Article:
If you ask me, their invincibility makes these superheroes more relatable: like you and me, they are preoccupied not with survival but with such all-too-human matters as pride, vanity and comfort (Bruce Banner's main complaint about his Hulk alter ego is that it really hurts). Only after they've made a mess of everything by pursuing their own selfish interests are they finally able to stand together and fight for what's right.

Look, I won't try to convince you to care about the tesseract or Loki's pact with evil aliens or any of the rest of it. I don't think even Whedon thinks that's possible, which is part of why this movie is so much fun. The point is to spend time with the characters, whom we know not just from the previous films in the series but from comic books and assorted childhood memories.

There must have been times when Whedon felt like Nick Fury as he tried to manage all the movie-star egos in this mix, but the results are really extraordinary. Everyone from Scarlett Johansson and Robert Downey Jr. to Tom Hiddleston and Gwyneth Paltrow is in fine form, and by now you've heard how Mark Ruffalo quietly steals the show. That said, I probably had the most fun watching Chris Evans and Chris Hemsworth -- two guys who weren't really movie stars until Marvel cast them in these roles. For that reason, it was possible to suspend disbelief and pretend that I was flying along not with two increasingly well-paid actors but with Captain America and Thor, defenders of the universe. (And no, I wasn't able to sit through "Thor" either.)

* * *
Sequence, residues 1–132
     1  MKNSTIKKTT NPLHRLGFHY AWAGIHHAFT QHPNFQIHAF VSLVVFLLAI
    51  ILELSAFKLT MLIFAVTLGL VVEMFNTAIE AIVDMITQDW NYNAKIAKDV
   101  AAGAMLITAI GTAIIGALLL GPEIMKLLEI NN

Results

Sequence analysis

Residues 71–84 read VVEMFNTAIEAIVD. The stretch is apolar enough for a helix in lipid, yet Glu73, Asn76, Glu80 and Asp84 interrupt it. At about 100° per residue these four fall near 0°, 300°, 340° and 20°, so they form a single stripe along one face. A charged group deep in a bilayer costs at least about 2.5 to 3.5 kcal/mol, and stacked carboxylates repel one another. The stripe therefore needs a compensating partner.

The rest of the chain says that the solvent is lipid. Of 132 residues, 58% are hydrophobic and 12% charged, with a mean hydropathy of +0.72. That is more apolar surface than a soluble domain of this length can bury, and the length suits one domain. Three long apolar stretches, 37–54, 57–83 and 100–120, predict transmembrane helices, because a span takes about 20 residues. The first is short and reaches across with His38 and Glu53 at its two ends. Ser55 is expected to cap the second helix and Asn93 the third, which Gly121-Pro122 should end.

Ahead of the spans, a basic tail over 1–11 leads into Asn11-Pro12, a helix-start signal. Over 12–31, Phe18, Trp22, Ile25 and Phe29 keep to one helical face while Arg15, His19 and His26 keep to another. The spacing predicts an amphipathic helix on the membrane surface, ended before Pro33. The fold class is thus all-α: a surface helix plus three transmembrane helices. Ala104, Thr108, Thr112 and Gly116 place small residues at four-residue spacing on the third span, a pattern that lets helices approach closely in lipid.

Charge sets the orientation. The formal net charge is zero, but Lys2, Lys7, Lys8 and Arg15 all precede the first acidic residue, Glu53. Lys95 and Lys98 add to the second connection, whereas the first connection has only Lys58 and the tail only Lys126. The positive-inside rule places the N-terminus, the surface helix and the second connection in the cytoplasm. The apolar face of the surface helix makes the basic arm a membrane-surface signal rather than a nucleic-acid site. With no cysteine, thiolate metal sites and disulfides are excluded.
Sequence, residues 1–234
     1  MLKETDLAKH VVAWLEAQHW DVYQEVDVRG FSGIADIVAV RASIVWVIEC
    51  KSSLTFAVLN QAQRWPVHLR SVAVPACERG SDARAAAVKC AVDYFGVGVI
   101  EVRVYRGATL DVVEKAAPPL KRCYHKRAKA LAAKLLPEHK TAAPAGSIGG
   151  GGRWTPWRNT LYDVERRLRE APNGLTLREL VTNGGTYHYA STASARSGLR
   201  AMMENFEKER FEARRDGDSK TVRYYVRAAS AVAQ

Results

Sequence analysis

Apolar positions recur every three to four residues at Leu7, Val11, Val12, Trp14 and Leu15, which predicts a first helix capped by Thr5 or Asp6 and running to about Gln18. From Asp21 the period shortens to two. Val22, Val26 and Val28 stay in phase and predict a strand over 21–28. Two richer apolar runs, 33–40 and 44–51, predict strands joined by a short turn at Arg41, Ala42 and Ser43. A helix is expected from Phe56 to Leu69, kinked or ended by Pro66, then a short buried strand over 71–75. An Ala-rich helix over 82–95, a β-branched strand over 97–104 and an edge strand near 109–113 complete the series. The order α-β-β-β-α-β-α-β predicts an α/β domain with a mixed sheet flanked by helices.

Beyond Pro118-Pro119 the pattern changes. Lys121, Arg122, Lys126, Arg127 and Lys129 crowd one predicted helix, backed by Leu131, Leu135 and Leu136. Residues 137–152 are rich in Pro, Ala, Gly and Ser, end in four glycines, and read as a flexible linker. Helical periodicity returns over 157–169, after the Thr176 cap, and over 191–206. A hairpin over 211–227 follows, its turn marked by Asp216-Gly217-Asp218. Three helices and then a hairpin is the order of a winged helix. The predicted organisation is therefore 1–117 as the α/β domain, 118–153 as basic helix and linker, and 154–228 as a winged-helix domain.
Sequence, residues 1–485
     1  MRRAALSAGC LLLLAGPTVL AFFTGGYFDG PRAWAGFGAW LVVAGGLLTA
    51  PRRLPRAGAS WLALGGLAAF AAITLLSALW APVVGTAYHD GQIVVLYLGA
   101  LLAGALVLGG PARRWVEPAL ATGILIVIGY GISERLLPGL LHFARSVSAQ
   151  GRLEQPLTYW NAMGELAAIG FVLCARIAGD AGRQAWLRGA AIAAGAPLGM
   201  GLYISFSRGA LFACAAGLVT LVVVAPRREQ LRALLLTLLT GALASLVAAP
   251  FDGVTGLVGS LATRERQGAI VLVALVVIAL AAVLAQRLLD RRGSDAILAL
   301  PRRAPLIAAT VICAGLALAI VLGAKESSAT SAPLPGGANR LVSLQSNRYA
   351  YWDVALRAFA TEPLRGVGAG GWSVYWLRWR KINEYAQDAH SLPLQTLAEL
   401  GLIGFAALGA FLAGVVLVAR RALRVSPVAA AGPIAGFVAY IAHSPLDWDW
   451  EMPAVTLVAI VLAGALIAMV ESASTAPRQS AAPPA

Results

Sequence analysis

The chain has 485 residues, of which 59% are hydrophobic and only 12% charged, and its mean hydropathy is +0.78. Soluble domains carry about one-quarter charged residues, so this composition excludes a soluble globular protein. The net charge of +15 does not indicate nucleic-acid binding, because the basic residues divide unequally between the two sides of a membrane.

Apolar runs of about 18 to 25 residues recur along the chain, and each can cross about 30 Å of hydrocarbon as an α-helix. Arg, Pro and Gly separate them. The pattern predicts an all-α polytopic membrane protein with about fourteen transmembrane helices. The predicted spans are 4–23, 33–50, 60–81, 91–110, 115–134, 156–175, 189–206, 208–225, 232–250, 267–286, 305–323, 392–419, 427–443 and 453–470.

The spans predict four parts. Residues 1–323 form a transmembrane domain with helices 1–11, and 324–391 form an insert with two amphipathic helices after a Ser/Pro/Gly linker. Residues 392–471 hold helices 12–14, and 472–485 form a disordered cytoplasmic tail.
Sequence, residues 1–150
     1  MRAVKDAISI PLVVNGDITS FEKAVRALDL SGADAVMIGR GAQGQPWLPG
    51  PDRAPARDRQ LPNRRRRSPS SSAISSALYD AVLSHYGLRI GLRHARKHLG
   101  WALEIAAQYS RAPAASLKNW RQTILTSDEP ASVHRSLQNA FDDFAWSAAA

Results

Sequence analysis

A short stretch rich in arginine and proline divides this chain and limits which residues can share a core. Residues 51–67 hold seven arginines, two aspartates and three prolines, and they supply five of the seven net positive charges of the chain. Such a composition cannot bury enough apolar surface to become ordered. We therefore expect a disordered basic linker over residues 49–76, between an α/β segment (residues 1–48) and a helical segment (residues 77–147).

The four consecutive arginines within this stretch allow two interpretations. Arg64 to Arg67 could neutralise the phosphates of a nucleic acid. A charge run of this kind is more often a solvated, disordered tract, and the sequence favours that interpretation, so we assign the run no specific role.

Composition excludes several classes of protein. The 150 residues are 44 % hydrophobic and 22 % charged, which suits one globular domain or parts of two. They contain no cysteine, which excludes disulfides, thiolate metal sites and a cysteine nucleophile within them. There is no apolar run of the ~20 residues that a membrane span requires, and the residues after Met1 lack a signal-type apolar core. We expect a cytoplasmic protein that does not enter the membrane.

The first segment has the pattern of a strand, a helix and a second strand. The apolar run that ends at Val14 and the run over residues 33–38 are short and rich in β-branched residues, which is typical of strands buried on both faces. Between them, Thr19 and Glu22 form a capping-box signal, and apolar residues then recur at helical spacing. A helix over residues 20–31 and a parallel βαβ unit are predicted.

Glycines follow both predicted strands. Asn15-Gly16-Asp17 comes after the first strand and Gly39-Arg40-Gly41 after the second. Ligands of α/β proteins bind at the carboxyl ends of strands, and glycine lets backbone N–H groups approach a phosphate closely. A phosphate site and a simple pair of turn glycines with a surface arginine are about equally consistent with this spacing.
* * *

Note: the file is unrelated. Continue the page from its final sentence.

All I ask when I plunk down for a superhero movie is to be delighted, transported, not bored. So maybe the best thing I can say about this 150-minute extravaganza is that I laughed, cheered, gasped and clapped, and never once looked at my watch.



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'The Avengers' Does NOT Live Up To The Hype